The Fresh Loaf

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When does "starter" become "dough"?

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Pablo's picture
Pablo

When does "starter" become "dough"?

Suppose that I was making a dough that required 50 grams of starter for 500 grams of flour at a 75% hydration ratio.  Also that my recipe requires me to add the salt after the first fermentation has doubled the dough.  Couldn't I just change my mind before the salt is added and put the whole thing in the 'fridge and call it "starter"? 

If the above is true, then I don't see the point to using more or less "starter" when creating a dough.  I'm not trying to be controversial, I'm seeking knowledge.  I'm making naturally leavened breads and I want to increase the sour factor.  I've read that one way to do that is to use "more starter".  I don't see that using more starter will make any difference since the whole batch of dough is essentially starter (albiet with salt) once it's ripened.

I have read that using drier mixes creates more sour flavour.  Perhaps I could mix an intermediate dough drier, like a biga...

Just thinking...

:-Paul

edh's picture
edh

Hi Pablo,

I've been enjoying your posts, as we are often on parallel tracks, both in terms of experience and direction we are taking our baking. I just realized the other day, after receiving the first test recipe from Peter Reinhart, that I haven't used anything but sourdough in the last 6 months or so. Well, during colder weather I sometimes use instant yeast to spike the dough as my kitchen temp makes for looong ferments, but in general, everything has natural yeast in it these days.

One big difference, however, is that I'm constantly searching for a not-sour taste in naturally leavened doughs. So I suppose if you do the opposite of what I do it might work?

I switched to a firm starter a year or so ago, because it takes longer for my maintenence starter to become ripe. I was finding that, with the liquid starter, it needed feeding twice daily and without that, got way too sour for my liking. Of course, eventually it died and I had to start over, so you might not want to take that advice too far, but my point there is that letting the starter get really ripe seemed to make it more sour, and that affected the taste of the bread. With the firm starter, even if it's really ripe, it doesn't seem to get that strong sour taste.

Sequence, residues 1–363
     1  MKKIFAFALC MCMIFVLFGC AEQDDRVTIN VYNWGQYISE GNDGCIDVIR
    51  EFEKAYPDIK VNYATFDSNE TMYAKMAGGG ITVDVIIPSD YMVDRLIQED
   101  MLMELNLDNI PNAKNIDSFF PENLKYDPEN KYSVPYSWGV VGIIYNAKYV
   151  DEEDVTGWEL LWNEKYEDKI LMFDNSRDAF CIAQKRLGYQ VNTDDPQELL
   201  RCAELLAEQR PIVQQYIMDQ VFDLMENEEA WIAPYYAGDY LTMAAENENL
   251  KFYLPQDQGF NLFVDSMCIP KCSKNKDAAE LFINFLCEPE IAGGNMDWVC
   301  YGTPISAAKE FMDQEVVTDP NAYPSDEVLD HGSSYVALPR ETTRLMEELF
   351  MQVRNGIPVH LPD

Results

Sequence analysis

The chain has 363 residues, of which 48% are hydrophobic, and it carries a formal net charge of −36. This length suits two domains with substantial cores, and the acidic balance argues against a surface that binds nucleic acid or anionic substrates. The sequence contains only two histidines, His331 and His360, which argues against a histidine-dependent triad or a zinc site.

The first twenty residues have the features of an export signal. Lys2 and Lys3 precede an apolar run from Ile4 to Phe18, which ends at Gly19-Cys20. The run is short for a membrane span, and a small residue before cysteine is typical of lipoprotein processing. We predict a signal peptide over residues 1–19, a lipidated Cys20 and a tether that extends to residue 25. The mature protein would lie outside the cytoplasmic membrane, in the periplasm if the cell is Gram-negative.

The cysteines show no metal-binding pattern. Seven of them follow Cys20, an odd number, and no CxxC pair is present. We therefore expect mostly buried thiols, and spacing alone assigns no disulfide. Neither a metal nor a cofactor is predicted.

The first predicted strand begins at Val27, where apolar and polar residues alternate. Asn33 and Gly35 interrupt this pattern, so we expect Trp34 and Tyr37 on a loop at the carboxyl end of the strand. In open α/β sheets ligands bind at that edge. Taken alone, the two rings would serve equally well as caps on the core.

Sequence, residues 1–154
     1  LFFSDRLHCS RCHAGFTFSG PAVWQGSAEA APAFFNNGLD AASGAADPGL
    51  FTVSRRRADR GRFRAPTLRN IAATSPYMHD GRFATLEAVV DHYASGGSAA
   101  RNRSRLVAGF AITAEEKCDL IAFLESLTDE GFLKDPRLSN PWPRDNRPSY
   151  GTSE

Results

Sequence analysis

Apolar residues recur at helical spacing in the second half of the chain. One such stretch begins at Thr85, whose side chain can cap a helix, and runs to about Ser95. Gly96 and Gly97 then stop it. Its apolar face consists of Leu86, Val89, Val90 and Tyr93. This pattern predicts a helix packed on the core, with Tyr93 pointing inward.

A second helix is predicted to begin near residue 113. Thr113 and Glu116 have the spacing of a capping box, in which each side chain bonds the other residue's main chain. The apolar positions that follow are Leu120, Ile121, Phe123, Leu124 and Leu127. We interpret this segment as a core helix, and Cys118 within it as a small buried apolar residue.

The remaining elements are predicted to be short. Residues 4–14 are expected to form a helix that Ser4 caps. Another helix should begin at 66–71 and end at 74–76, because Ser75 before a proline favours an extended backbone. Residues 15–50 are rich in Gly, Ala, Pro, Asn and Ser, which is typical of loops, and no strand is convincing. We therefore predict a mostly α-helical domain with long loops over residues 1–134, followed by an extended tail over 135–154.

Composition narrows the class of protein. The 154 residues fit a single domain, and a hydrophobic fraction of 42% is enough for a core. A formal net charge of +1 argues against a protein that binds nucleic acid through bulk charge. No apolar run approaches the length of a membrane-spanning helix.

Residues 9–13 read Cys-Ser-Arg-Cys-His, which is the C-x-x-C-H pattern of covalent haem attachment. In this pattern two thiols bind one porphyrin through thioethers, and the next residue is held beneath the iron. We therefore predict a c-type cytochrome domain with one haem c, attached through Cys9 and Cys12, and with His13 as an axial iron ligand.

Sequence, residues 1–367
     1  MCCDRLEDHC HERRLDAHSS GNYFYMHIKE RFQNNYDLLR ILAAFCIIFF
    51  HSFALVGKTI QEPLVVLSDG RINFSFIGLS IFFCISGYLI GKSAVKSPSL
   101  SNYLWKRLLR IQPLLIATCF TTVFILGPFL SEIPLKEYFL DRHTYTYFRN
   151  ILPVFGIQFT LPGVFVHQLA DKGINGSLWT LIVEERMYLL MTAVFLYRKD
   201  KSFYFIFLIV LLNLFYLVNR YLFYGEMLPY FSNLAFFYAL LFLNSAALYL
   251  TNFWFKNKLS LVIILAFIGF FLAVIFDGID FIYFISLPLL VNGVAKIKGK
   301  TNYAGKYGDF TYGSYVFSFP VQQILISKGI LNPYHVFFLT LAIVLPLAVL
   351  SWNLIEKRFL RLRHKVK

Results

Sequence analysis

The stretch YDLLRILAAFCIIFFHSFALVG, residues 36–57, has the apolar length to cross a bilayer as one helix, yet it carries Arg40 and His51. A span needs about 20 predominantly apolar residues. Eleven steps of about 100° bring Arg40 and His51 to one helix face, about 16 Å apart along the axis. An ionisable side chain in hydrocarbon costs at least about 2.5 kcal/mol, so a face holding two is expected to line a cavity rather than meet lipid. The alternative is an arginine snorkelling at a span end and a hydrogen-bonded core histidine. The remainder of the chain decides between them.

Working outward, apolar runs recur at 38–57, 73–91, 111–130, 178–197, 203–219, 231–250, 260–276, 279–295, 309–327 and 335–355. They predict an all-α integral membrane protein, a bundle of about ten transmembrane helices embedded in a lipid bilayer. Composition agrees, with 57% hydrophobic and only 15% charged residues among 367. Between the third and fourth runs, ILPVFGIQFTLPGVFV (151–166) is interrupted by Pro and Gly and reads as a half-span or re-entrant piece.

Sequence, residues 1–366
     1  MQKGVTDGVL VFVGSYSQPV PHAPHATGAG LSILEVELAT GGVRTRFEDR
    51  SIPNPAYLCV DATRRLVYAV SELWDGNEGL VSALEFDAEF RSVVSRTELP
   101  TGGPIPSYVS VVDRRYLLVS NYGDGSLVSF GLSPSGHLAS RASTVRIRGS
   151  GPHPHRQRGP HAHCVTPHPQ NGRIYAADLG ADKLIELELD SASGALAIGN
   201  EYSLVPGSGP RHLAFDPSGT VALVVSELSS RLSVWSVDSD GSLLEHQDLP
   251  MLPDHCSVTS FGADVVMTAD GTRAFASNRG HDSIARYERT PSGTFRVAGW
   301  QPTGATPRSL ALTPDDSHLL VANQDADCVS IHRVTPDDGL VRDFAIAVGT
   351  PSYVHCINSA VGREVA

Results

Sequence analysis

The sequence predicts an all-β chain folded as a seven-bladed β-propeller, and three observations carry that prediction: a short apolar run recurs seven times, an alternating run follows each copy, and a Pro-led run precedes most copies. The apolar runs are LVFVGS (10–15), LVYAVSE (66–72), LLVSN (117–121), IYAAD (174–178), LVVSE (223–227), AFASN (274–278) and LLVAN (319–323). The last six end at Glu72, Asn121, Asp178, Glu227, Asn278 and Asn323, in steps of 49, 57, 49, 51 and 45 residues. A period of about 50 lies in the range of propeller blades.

I also switched to white flour for the maintenence routine. I bake with a lot of whole grains, but when I'm just feeding the starter I use AP (10g starter:20g water: 40g flour) to convert to whole grains I just do one feeding with WW or Rye or whatever I'm using. I figure 10g of white starter in the whole recipe isn't going to make a big difference. Maintaining the starter with whole grain flour also made it mature faster, so it ended up with more sour.

So, in a nutshell, my suggestions (with the caveat that I don't really know what I'm doing!); try a liquid starter, maintained with whole grain, and a long ferment. As far as different amounts of starter goes; the more starter in the dough, the faster the rise, so you have less time for flavor to develop, but a strong tasting starter will also impart a lot of taste. If you do what you said above, and mix up the entire dough, then stick it in the fridge, you'll just be giving it a nice long, retarded ferment. I would think that would result in lots of flavor.

Good luck!

edh

Pablo's picture
Pablo